With lawmakers and members of the UNC Board of Governors openly suggesting this week that N.C. House Speaker Tim Moore would be a good choice for President of the UNC System, The Daily Tar Heel’s editorial board is also weighing in.
The student newspaper of UNC-Chapel Hill, the flagship campus of the 17 school UNC system, said the choice could be disastrous.
At a recent meeting of the UNC System Presidential Search Committee, former UNC Board of Governors chairperson Harry Smith said the committee’s goal is to select a president who can serve for 5 to 10 years. But a decade with Tim Moore at the helm of public higher education across North Carolina could have disastrous consequences. Frankly, it’s hard to imagine anything worse.
The next UNC System president must be virtuous, with a reputation of reaching across the aisle and building credibility with political opponents. Moore has shown countless times, however, that compromise and integrity are not his strong suits.
The editorial traces divisive political acts in Moore’s career from his time as an undergraduate at UNC-Chapel Hill to the recent “surprise” House vote to overturn Gov. Roy Cooper’s veto. The pattern, the paper said, is one of Moore prizing politics above all and believing the ends justify the means.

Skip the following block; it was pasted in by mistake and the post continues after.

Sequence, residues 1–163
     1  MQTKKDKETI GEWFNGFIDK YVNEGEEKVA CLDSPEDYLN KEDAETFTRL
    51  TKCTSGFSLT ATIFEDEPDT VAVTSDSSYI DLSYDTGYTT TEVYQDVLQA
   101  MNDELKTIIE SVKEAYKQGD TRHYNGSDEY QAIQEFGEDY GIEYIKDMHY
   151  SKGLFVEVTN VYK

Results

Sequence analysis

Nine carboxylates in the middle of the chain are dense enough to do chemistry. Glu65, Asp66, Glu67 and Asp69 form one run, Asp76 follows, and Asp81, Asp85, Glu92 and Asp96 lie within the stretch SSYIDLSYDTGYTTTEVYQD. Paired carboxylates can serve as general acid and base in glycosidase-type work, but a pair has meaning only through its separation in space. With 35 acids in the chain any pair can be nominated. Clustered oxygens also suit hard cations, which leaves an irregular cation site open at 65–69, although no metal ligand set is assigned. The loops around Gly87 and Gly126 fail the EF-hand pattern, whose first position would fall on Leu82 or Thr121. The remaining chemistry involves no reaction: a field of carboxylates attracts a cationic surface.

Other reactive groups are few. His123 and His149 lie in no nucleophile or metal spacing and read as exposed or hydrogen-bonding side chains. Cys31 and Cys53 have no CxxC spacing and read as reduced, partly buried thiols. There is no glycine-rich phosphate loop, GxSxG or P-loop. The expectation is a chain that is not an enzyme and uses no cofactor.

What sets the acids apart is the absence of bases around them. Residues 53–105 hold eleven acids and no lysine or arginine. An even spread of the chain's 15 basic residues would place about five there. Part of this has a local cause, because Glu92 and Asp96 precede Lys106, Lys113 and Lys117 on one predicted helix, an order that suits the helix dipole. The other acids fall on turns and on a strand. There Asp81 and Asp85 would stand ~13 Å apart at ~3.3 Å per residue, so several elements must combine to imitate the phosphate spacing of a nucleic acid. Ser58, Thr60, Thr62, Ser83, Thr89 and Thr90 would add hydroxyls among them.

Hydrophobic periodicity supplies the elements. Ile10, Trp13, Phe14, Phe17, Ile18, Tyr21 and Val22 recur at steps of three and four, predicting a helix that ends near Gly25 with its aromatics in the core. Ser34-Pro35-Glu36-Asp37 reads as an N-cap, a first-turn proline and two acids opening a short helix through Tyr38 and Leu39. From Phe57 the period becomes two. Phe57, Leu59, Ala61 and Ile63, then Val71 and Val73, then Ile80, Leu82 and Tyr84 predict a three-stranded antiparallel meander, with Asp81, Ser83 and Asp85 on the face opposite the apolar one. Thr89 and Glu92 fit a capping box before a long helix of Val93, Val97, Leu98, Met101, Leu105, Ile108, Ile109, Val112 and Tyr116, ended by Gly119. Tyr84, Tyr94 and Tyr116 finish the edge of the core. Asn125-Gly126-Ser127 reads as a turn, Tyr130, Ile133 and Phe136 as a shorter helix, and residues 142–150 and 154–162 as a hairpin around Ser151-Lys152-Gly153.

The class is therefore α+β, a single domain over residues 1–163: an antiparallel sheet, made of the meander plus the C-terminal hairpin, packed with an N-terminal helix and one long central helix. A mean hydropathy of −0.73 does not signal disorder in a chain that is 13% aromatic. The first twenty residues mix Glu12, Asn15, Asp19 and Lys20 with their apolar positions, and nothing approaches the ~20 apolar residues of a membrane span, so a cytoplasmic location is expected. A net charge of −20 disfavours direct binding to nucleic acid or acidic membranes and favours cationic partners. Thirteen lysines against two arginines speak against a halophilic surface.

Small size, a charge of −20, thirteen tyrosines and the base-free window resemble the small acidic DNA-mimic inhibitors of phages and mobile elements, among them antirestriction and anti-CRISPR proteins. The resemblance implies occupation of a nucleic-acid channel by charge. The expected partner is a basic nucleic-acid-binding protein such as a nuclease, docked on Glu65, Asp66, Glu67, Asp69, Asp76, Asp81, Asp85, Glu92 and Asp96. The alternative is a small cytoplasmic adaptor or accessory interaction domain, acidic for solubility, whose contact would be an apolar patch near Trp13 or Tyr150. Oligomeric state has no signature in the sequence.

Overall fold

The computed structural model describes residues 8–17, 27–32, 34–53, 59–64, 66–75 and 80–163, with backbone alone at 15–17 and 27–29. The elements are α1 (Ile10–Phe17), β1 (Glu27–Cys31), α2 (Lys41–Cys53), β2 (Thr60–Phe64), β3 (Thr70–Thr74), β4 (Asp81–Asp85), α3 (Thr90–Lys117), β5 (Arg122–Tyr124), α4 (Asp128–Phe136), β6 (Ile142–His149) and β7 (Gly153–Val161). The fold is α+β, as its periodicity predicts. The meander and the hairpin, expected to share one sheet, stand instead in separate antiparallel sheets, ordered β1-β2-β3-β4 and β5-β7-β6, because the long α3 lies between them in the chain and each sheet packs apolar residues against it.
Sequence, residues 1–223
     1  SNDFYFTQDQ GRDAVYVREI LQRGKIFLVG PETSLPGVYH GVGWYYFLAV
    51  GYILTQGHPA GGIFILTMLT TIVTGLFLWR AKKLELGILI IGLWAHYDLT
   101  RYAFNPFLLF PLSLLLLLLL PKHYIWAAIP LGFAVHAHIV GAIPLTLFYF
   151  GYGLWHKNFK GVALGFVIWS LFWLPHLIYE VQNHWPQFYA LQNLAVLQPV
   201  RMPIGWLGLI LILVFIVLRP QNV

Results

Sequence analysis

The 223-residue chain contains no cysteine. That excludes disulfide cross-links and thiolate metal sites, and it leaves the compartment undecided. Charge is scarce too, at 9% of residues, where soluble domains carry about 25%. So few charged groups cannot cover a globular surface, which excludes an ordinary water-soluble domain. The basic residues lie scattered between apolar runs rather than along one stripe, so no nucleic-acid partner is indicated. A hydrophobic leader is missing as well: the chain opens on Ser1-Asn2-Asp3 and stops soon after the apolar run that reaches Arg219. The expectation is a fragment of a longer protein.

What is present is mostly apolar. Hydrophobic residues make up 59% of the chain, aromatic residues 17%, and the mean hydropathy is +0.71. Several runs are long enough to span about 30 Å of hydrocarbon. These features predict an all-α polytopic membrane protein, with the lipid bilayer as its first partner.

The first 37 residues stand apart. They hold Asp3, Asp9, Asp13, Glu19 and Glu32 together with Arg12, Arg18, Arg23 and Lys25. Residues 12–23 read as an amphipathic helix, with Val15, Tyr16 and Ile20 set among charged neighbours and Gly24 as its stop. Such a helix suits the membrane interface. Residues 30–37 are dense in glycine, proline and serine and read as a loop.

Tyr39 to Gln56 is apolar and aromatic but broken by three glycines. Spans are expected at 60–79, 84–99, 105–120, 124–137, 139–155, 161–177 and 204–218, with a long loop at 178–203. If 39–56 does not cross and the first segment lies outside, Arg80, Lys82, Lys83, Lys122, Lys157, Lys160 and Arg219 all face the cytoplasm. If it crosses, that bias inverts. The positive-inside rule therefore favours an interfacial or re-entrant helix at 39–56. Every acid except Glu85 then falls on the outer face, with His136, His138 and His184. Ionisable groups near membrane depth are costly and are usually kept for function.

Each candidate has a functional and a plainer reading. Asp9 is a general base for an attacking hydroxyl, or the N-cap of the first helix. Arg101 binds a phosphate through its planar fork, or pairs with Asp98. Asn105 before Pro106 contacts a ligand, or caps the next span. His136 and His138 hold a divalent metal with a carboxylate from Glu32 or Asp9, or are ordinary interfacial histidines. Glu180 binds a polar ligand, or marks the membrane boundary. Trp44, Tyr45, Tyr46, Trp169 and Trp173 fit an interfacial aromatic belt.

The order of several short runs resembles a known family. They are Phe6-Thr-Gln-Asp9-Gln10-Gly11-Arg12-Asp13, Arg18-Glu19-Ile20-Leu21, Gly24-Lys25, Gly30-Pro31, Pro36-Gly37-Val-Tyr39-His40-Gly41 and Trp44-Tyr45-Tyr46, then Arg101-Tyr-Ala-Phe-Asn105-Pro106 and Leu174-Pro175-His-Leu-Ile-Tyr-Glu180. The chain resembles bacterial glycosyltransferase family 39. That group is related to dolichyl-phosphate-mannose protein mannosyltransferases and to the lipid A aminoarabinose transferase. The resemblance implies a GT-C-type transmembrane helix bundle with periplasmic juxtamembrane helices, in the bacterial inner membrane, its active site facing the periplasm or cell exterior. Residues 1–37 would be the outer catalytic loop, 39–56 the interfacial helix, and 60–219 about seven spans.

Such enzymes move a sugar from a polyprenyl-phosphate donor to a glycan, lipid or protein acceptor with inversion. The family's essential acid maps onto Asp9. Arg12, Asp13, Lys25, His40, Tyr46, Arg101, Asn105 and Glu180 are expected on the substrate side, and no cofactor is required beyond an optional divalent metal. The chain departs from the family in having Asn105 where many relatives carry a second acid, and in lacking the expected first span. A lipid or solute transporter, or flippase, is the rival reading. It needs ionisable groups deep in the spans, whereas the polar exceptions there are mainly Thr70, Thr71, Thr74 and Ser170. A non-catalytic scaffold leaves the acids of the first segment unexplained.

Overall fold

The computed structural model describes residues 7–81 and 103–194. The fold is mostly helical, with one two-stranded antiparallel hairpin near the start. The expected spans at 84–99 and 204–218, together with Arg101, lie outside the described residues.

That isn’t what the UNC system should be looking for in its next leader, the editorial said.
Moore could be the perfect choice for UNC System president — if you’re looking to uphold the status quo of political turmoil and moral turpitude that have plagued the UNC system since its inception.
One of the biggest problems with the UNC System is the uncomfortably close relationship that its leadership enjoys with the Republican-controlled General Assembly. Granted, Moore may not be the reason the system is broken, but he most certainly benefits from its corruption. In fact, many BOG members have made significant financial contributions to Moore’s campaign.
And, as N.C. House Speaker, he is at least partially responsible for the many failures of UNC System leadership in recent years, considering BOG members are elected by the General Assembly itself. In North Carolina, there’s a clear revolving door between higher education and the state legislature — and conflicts of interest abound.
Our goal as a system should be to move forward — morally, academically and financially. But progress will be impossible if we appoint a president who has nothing to offer except controversy and a broken moral compass. It would only take us backward.
Being president of the entire UNC System is an incredibly important job. We can, and must, do better than an openly partisan, morally corrupt career politician.
Read the whole piece here.